Date Awarded


Document Type


Degree Name

Doctor of Education (Ed.D.)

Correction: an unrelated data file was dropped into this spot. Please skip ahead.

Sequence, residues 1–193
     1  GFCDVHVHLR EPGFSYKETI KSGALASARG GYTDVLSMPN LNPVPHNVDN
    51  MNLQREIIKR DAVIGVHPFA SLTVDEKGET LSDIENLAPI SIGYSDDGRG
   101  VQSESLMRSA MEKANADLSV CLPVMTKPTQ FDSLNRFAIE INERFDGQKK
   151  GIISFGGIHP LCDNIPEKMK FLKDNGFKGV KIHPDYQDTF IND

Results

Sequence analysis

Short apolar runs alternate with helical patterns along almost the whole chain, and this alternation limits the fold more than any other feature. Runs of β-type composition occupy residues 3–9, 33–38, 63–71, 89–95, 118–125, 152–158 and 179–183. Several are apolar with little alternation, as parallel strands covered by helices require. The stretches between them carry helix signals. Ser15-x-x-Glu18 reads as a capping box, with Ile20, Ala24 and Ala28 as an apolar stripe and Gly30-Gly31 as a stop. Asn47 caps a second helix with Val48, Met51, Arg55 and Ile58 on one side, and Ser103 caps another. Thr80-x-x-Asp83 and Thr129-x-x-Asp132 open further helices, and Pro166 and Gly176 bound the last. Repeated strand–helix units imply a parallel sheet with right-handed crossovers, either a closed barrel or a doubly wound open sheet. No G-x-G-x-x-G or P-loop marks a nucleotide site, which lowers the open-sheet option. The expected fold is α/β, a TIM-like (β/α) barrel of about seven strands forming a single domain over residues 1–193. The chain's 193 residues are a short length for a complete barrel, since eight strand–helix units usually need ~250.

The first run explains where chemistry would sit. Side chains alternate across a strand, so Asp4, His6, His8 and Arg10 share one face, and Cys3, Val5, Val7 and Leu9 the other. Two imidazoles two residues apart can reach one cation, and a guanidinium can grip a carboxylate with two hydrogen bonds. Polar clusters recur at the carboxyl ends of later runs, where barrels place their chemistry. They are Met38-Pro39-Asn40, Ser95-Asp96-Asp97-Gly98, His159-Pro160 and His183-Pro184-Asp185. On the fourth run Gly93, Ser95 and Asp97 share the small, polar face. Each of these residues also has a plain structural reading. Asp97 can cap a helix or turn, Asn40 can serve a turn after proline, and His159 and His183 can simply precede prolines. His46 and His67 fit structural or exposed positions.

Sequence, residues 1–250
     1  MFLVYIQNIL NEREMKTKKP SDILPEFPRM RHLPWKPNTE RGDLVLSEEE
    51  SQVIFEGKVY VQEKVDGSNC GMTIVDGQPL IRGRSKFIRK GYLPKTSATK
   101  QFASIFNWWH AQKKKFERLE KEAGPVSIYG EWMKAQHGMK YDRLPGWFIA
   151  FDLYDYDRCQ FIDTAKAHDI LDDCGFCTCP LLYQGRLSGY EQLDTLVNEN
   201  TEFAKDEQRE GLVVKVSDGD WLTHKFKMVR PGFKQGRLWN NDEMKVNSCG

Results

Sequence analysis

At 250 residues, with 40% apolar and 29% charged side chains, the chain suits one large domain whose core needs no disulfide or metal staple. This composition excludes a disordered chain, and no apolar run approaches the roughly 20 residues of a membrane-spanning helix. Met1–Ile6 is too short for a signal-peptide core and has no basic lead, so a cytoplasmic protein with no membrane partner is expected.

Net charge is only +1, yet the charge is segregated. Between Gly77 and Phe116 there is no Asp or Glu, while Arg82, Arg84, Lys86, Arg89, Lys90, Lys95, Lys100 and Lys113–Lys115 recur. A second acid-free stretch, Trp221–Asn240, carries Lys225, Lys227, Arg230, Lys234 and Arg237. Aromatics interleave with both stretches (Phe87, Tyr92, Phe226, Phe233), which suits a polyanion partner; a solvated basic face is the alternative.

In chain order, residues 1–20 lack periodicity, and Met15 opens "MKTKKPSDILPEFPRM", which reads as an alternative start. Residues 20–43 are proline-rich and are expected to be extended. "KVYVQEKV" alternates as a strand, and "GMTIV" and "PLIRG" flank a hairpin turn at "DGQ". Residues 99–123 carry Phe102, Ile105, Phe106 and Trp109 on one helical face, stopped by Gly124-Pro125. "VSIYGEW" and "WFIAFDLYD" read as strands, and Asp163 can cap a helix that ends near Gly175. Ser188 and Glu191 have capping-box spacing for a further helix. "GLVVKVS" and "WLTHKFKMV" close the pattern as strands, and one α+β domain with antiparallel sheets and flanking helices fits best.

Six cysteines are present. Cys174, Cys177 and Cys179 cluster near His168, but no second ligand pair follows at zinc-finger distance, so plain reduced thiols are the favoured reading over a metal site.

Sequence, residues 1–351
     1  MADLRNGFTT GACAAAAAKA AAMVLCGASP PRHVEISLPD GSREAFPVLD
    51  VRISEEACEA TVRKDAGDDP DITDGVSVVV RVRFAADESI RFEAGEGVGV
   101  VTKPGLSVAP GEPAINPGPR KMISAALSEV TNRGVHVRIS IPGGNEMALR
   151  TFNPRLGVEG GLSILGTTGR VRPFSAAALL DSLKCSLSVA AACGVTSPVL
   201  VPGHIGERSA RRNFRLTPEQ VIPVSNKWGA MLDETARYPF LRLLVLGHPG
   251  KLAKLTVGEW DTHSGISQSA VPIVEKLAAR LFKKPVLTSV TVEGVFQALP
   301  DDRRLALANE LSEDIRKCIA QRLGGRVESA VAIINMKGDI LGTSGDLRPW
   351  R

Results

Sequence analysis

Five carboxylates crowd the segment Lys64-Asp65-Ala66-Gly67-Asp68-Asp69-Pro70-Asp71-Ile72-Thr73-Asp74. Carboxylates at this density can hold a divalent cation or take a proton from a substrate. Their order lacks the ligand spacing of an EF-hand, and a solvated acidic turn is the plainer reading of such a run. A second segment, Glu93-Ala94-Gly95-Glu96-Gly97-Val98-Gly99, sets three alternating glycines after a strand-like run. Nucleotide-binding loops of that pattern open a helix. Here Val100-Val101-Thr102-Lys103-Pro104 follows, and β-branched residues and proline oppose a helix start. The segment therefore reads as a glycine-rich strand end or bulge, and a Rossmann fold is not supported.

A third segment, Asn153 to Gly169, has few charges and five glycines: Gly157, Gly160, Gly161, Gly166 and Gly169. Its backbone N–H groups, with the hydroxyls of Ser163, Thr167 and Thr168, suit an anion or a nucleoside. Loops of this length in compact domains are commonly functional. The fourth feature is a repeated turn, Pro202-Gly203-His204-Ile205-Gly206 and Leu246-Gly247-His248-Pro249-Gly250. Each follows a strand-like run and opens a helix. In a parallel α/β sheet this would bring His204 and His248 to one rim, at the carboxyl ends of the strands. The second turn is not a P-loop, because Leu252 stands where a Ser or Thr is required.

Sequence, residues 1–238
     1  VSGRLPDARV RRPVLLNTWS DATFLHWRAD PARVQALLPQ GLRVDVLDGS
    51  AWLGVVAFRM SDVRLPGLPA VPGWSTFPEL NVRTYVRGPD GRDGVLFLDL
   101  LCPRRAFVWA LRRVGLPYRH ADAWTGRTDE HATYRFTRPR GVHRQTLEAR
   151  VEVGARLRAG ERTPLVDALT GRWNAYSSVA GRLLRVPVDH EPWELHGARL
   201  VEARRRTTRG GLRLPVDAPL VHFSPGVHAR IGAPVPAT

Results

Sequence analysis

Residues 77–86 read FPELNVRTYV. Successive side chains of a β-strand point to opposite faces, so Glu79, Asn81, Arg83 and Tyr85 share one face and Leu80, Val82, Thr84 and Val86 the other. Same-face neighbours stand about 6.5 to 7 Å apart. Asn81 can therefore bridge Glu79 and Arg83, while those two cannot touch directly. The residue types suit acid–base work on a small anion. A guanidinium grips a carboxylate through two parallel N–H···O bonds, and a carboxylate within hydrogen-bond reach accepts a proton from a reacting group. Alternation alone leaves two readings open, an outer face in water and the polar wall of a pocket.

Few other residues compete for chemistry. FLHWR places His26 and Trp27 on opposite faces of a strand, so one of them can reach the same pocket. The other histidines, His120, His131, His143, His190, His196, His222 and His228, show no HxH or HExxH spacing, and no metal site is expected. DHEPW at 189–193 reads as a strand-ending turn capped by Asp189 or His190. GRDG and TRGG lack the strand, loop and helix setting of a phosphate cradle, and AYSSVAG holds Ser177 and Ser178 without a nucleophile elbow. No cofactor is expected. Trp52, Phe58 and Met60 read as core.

The purposes of this study were (1) to gather information on advisor and advisee perceptions, (2) to gather information on advisor and advisee expectations, and (3) to analyze the satisfaction level of the participants. This research was conducted at the College of William and Mary during the 1980-1981 academic year. Questionnaires were used to survey both freshman students and their advisors.;The results indicated that in general advisees had lower perceptions of the Freshman Advising Program, had higher expectations for advising, and were less satisfied with the advising system than the advisors. These results were significant for the analysis of perceptions for the dimensions of Academic Planning, Knowledge, Personal Development, Developmental Advising, and Advising Style and for the Total Perception Score. In the analysis of expectations, these results were significant for the dimensions of Academic Planning, Career Planning, Knowledge, and Developmental Advising and for the Total Expectation Score. When satisfaction with advising was considered, the results were significant for all six of the dimensions and for the Total Satisfaction Score.;Female advisees had greater expectations for advising on Career Planning than male advisees. They also were less satisfied with their current advising on the dimensions of Academic Planning and Knowledge.;Satisfaction with advising decreased as advisees increased the number of visits to the advisor and as they lengthened the time in their advising sessions.;Advisee satisfaction with advising was affected by the congruence between the advisee's intended major and the advisor's teaching field only on the dimension of Knowledge. Advisees were most satisfied with advisors in the social sciences on all dimensions except Career Planning in which case they were most satisfied with advisors in the natural sciences/mathematics. Advisees were least satisfied in all cases with advisors in the humanities. Advisors did not differ in their satisfaction with advising by field.;Further research is indicated for three areas. First, the negative relationship between advisee satisfaction and length of advising sessions, number of contacts, and total exposure to the advisor needs to be investigated further to determine the effects on satisfaction which advisee-advisor dissonance in perceptions and expectations and which advisee personal characteristics have. Second, additional research on advisor teaching field as a criterion for satisfactory performance is needed. Third, the personal characteristics of advisors need to be studied to determine their impact on the advising system. (Abstract shortened with permission of author.).



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